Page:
What are Precious Metals?
Rare and chemically inert metals are called precious metals. They have great market value since they are scarce. Numerous applications call for the usage of precious metals, including jewelry, technology, and industry.
Gold, silver, platinum, and palladium are the four major precious metals. Silver is also considered a valuable metal. There are a variety of typical alloying elements that, depending on the application, may be combined with the primary precious metals to enhance the qualities of the final product. Other interesting components may be found in jewelry or accessories made from non-precious metals as well.
Noble metals are a collection of metals that are resistant to oxidation and corrosion in moist air and are thus considered to be of the highest quality. Acids have a difficult time penetrating the surface of noble metals. They are the antithesis of the base metals, which are more prone to oxidation and corrosion than precious metals.
Types of Nobel metals
Multiple lists of “noble metals” exist. These metals are Ru, Pd, Ag, AgOs, Ag, Os, Ruthenium, Osmium, Gold, platinum, and iridium. Mercury may be found in lists of noble metals. Other classification systems recognize rhenium as a precious metal. Interestingly, not all metals that are resistant to corrosion are classified as noble metals. Titanium, niobium, and tantalum, for example, have high corrosion resistance but are not noble metals. Although noble metals in general have a low sensitivity to acid, this property is not universal. The acid solution, aqua regia, dissolves platinum, gold, and mercury but not iridium or silver. Both palladium and silver can be dissolved by nitrate. All acids, including aqua regia, are ineffective against niobium and tantalum.
Link between Precious and Nobel Metal
Gold, silver, platinum, palladium, and rhodium are all valuable metals, but not all noble metals are. Some of them don’t get as much action as others, but they are still valuable metals and are traded for that reason. In addition, scarcity has a role. It was a major factor in the production of aluminum (and one of the main reasons its value fell so severely after a reliable process for extracting it from bauxite was invented). Generally speaking, noble metals are rather rare. The value of the metal is affected by more than just its scarcity. Platinum is indeed rarer than Gold.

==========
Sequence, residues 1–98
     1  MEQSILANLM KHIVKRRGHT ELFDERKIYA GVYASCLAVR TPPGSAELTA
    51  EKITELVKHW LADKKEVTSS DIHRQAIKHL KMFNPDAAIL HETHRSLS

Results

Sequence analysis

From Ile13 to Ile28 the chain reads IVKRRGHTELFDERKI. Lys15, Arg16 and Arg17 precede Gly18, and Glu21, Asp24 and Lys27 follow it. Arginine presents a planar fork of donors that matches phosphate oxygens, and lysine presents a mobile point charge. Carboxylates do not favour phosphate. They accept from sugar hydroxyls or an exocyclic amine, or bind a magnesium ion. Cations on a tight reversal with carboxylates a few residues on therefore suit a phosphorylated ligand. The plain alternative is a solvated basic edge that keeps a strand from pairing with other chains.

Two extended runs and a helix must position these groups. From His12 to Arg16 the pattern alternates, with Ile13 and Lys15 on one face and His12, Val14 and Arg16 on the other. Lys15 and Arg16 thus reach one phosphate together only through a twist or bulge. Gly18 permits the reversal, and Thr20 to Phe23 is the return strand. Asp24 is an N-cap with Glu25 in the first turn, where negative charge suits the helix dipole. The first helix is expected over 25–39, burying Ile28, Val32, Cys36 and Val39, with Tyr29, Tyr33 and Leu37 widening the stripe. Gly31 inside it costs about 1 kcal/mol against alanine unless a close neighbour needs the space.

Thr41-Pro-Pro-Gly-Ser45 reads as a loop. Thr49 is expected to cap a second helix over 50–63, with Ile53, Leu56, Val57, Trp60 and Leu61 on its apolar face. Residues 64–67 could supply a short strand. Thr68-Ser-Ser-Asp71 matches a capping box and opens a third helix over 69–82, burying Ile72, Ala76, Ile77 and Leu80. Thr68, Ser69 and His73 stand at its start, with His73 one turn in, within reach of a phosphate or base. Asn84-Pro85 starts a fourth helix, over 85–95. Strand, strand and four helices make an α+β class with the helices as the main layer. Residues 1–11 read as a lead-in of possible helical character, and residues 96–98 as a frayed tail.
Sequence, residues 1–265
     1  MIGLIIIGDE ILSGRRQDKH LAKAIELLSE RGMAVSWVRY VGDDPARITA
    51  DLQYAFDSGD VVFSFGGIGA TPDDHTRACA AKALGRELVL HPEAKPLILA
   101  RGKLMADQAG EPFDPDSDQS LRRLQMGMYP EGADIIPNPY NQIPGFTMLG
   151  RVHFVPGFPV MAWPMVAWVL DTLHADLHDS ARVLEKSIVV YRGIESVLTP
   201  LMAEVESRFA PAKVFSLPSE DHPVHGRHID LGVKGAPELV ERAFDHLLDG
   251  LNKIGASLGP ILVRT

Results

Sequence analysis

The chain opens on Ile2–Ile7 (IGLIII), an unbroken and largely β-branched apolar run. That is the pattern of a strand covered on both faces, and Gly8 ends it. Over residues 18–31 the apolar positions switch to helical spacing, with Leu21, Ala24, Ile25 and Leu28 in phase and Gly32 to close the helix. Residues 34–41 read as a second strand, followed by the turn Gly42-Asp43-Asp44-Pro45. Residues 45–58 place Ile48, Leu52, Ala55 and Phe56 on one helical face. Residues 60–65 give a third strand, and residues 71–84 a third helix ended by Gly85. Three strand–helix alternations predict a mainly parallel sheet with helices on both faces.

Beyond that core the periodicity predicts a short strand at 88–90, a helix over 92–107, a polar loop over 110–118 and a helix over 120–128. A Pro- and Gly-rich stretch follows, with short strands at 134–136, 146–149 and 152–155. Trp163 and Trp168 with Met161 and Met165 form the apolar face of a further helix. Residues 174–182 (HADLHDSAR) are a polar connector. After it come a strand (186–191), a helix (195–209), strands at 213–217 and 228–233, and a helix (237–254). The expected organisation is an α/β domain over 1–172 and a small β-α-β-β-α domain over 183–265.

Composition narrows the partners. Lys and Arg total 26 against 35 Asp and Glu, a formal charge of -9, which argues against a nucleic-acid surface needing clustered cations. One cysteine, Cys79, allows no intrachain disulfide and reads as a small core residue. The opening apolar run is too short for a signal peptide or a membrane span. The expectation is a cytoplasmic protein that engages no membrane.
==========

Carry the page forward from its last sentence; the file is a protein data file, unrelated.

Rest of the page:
Industrial use of Precious Metal
Because of the one-of-a-kind qualities they possess, precious metals have quickly become an essential component of everyday life. Gold and silver, being two of the most well-known precious metals, are used in a wide variety of industrial settings. More so than gold, silver has undergone tremendous developments that have been sparked by the industrial applications of silver, most notably photography. Even though digital technology is rendering traditional photography obsolete, considerable quantities of silver are still used in the photographic business, even though this usage is gradually diminishing over time. However, demand is increasing in new fields, particularly solar cells and silver monoxide, which are both utilized in the production of batteries for mobile devices such as phones and laptops.
Because of its high conductivity and its corrosion resistance, gold is often utilized in the production of electronic components. Some new markets, such as those for chemical catalysts and pharmaceutical medications, have also surfaced; however, the quantities involved are so little that they are unable to have an effect. In today’s market, industrial usage accounts for 10% of gold’s overall consumption. Jewelry and investment demand will always have an impact on the price of gold and the market for precious metals.
The automobile sector is the primary driver of demand for platinum group metals, even though these metals have found usage in a variety of other industries. These days, most automobiles are outfitted with a plethora of different electrical devices. Even though each vehicle only contains a few grams of these metals, sales volumes are significant, which means that considerable quantities are needed in the manufacturing process. This is the case even though each car only carries a few grams of these metals. Among its many other uses, platinum may be found in the crucible, pointed tongs, and evaporating dishes.